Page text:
View Full Version : [kubuntu] Reconfiguring X: what's with the lack of options in xorg.conf

February 8th, 2009, 07:48 PM
I just spent all morning trying to reconfigure X on my Hardy but couldn't get it to work. After reading many HOWTOs, on both with or without proprietary ATI drivers, I had this brilliant Idea ;) Why don't I just install Ibex on a new partition and take a peek at the xorg.org file there and learn something.

Kubuntu Ibex works well of the CD, even in 3D without proprietary drivers.
But there isn't anything really ground breaking in it's xorg.conf file

# If you have edited this file but would like it to be automatically updated
# again, run the following command:
# sudo dpkg-reconfigure -phigh xserver-xorg

Section "Device"
Identifier "Configured Video Device"

Section "Monitor"
Identifier "Configured Monitor"

Section "Screen"
Identifier "Default Screen"
Monitor "Configured Monitor"
Device "Configured Video Device"

Where are the drivers, the default screen resolution, the mouse definition, the font paths ?

I tried copying the Ibex file into Hardy without results.
I've tried so many times sudo dpkg-reconfigure -phigh xserver-xorg.

Where is everything hidden now ?

Is the xorg.conf file useful any more? Or will any change to it is simply been overridden by KDE or Gnome settings ?

February 8th, 2009, 08:28 PM
The xorg.conf in intrepid is not need by default since everything is probed and set by Xorg on the fly except screen resolution which is stored by gtk-display, but you can use one if you like and those values will be used instead. It you want to generate a fresh xorg.conf with all of the system information just run the following:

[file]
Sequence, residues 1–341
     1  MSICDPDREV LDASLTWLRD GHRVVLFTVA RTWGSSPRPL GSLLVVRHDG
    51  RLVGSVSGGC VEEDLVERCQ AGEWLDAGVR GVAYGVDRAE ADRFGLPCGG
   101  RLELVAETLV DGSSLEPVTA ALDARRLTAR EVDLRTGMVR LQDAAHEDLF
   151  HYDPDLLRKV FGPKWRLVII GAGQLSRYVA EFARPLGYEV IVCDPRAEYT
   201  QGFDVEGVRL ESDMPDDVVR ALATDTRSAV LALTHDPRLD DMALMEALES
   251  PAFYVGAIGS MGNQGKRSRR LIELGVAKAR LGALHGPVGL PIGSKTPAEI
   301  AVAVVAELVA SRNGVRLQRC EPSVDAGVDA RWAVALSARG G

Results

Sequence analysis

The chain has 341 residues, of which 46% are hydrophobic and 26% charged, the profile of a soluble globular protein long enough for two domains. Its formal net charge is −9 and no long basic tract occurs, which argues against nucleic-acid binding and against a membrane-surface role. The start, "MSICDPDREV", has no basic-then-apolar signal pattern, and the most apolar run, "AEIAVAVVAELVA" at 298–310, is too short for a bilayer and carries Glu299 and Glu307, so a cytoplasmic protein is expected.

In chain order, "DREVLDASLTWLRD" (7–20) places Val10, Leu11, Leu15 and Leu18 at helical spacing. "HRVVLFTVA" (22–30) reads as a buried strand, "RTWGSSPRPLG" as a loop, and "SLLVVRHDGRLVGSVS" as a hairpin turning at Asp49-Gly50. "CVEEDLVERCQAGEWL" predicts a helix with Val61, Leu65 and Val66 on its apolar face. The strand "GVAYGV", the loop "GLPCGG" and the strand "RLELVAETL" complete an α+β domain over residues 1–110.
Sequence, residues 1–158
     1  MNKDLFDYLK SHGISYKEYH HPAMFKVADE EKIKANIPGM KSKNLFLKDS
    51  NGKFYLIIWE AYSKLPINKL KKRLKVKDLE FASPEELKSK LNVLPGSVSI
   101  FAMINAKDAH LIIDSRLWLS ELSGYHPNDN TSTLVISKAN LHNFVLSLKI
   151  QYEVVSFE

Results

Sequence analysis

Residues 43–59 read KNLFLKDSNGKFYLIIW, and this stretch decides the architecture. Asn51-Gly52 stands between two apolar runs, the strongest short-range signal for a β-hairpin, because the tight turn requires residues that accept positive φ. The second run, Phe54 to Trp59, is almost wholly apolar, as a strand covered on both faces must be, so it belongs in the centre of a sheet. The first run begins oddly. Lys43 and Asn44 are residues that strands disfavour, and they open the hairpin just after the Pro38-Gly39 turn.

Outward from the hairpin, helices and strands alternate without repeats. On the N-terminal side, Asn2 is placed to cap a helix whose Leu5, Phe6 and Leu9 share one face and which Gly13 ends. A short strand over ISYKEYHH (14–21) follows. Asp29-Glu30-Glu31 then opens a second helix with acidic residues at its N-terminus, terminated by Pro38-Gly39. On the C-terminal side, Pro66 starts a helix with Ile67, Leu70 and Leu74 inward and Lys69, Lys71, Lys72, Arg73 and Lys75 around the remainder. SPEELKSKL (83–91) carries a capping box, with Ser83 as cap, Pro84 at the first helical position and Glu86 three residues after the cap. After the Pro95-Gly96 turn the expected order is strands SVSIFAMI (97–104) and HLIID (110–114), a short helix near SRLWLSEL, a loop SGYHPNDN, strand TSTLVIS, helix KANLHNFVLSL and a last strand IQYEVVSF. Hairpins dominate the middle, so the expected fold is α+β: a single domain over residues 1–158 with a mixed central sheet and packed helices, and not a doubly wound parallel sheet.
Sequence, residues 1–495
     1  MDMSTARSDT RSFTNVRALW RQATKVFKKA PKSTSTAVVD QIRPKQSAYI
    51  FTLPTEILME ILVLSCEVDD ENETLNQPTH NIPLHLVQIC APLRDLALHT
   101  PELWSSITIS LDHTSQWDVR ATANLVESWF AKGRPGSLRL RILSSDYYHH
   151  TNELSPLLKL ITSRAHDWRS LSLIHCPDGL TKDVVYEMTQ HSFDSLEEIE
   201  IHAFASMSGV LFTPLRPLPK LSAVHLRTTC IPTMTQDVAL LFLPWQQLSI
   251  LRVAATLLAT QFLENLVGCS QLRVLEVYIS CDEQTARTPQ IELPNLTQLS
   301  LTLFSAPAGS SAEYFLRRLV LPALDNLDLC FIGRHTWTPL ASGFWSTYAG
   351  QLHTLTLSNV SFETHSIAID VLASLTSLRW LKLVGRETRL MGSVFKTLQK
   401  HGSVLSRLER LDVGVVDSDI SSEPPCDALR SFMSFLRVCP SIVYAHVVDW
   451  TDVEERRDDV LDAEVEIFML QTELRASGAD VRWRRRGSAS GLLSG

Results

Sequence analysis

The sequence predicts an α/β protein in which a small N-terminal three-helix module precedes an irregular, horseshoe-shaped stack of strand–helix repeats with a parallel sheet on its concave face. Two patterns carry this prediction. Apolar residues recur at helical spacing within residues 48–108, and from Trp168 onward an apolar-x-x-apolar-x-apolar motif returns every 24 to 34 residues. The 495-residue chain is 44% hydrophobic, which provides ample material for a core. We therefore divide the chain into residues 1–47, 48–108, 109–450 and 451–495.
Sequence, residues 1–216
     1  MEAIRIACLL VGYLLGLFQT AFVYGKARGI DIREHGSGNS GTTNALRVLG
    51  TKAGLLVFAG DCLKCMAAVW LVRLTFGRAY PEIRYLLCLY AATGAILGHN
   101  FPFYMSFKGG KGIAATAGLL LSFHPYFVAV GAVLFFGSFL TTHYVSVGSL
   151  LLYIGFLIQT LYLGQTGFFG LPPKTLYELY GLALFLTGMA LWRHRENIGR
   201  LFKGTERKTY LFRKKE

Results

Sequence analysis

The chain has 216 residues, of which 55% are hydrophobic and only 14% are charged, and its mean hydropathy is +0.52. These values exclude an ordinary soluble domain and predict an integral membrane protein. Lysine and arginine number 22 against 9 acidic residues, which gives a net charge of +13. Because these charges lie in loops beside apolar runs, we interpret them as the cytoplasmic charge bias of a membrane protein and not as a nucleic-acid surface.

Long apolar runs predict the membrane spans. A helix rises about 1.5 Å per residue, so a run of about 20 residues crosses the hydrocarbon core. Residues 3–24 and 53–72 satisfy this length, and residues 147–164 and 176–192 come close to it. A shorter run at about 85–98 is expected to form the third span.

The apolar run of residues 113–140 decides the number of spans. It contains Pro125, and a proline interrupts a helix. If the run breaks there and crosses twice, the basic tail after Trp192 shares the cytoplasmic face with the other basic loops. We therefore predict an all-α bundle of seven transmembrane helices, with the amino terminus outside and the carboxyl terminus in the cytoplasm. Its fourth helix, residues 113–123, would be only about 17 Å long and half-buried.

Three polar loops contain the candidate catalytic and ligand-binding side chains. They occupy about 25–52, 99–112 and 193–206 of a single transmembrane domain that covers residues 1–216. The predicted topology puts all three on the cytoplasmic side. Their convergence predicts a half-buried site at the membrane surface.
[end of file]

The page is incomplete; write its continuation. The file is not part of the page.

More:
sudo Xorg -configure

Then you can further customize the file to your needs.

February 8th, 2009, 09:07 PM
It you want to generate a fresh xorg.conf with all of the system information just run the following:

I just swapped out the monitor on an older PC that I have xubuntu 8.10 running on. How do I tell what the current system information is? How do I know whether the system has detected the monitor? One of the things I hate about Windows is the amount of information that is hidden or impossible to get at. Why is there no device manager equivalent (or devices installed listing at least) in xubuntu?

The last several times I've installed ubuntu and xubuntu, I've been glad to see that everything just works. But when I replace the monitor (something I've done a few times because its an older system and when a better hand me down monitor becomes available, I swap it in) every time its the same. Getting the video resolution set up for the new monitor is such a pain that I end up opting for a reinstall. Invariably the monitor is detected correctly with the new install. I was hoping this time would be different.

While I have configured xorg files by hand a few times, its not something I really relish doing. Not that the config file is difficult, but researching and gathering all the information is the biggest time and energy drain. I'm running an older system, with an old nvidia (possibly a riva tnt. I don't care and don't feel like powering off the computer, opening the case, removing the card, and trying to find some part number or markings that will tell me what it is) and a dell monitor (again not certain of the model, and in its current location I would have to unhook it in order to read the model off the back, then google for the specs on the monitor to enter in the xorg.conf. Ugh). All I want is decent 2D graphics to work. I have no use for Compiz or Beryl or whatever or any 3D anything on this system. Why is changing out a monitor such a major chore?

February 8th, 2009, 09:33 PM
you can easily find all your hardware by running
sudo lshw -html > ~/hardware.htmlwhich will produce a file called hardware.html in your home folder which you can view in firefox or other web browser. It will give you a mass of info about your hardware. If you want a GUI to do it, get hardinfo from the repos which does the same job.